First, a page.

In the future days, which we seek to make secure, we look forward to a world founded upon four essential human freedoms.
The first is freedom of speech and expression—everywhere in the world.
The second is freedom of every person to worship God in his own way—everywhere in the world.
The third is freedom from want—which, translated into world terms, means economic understandings which will secure to every nation a healthy peacetime life for its inhabitants-everywhere in the world.
The fourth is freedom from fear—which, translated into world terms, means a world-wide reduction of armaments to such a point and in such a thorough fashion that no nation will be in a position to commit an act of physical aggression against any neighbor—anywhere in the world.
On January 5, 1941, President Franklin D. Roosevelt delivered his Annual Message to Congress where he first proposed the securing of “four freedoms” as the goal for U.S. policy.
Select pages from President Franklin Roosevelt’s Annual Message to Congress, Sen 77A-H1, 1/6/1941, Records of the U.S. Senate (ARC 5752373)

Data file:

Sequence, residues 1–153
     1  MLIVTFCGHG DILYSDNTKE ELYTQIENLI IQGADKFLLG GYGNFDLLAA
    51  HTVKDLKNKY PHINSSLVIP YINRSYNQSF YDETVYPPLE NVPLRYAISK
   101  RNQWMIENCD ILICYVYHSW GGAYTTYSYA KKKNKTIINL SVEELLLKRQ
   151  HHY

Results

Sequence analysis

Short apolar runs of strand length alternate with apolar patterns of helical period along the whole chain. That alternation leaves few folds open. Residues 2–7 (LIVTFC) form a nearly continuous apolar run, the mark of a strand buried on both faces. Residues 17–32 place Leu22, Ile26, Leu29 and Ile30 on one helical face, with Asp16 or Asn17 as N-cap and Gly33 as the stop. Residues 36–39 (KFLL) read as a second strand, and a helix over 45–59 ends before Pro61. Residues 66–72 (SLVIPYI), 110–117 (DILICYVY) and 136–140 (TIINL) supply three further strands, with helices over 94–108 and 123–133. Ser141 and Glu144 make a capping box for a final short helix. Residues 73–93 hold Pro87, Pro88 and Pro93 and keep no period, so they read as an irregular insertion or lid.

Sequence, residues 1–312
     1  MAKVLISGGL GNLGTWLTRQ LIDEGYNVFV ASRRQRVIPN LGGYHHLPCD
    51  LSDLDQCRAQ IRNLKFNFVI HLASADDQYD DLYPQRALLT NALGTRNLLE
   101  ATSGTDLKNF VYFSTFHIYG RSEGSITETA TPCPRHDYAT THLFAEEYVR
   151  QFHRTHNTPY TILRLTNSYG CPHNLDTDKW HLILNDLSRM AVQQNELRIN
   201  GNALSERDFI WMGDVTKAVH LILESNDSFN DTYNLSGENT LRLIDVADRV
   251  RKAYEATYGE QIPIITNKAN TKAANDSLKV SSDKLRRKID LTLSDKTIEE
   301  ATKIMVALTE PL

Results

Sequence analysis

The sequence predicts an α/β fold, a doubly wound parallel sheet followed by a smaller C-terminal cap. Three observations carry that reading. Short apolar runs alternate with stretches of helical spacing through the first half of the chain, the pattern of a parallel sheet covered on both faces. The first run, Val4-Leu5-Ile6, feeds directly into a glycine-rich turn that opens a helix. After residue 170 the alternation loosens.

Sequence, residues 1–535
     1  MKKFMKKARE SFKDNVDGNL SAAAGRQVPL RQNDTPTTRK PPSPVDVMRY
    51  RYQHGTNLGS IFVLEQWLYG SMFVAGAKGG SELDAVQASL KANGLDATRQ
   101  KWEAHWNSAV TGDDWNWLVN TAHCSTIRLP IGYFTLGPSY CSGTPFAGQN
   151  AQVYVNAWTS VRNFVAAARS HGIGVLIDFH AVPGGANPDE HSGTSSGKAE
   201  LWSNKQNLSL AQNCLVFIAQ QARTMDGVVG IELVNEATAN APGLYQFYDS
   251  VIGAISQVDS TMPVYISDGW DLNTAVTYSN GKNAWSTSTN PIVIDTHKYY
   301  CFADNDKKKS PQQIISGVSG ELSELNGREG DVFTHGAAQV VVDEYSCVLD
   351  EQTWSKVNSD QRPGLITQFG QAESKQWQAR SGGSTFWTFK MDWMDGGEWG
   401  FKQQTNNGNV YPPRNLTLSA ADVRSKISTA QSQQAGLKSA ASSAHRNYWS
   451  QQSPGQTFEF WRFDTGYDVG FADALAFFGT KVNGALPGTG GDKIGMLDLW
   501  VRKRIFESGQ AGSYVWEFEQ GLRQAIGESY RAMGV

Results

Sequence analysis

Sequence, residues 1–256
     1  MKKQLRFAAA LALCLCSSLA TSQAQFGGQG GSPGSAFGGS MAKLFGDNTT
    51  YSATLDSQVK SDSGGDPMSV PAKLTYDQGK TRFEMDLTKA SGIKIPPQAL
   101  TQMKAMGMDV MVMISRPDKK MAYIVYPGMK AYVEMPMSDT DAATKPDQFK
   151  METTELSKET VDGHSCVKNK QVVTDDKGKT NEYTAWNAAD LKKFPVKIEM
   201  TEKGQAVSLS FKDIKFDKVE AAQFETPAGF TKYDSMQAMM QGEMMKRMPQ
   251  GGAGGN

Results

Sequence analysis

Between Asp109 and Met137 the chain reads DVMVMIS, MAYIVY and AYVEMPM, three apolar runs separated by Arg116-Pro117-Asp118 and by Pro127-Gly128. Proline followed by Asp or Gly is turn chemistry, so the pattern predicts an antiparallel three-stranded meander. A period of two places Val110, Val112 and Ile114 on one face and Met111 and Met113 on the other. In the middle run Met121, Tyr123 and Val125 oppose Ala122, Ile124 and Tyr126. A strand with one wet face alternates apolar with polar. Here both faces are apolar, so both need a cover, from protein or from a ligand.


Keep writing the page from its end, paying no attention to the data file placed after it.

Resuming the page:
Today I attended the NDNP Awardee Conference hosted by the National Endowment for Humanities.
I currently have the pleasure of documenting a new API feature that allows bulk download of all the API text, and writing a use document which will explain how to successfully download the data and import it into a search tool.
As you might imagine, I am interested in hearing about the various forms of metadata involved for making these new features possible. I am pleased to report that there are various forms of metadata used to create these tools, some of them are:
All of these standards come together to form a unique set of API features that make Chronicling America a truly unique resource for primary resources!
This is just a technical discussion, but please explore the website and discover more!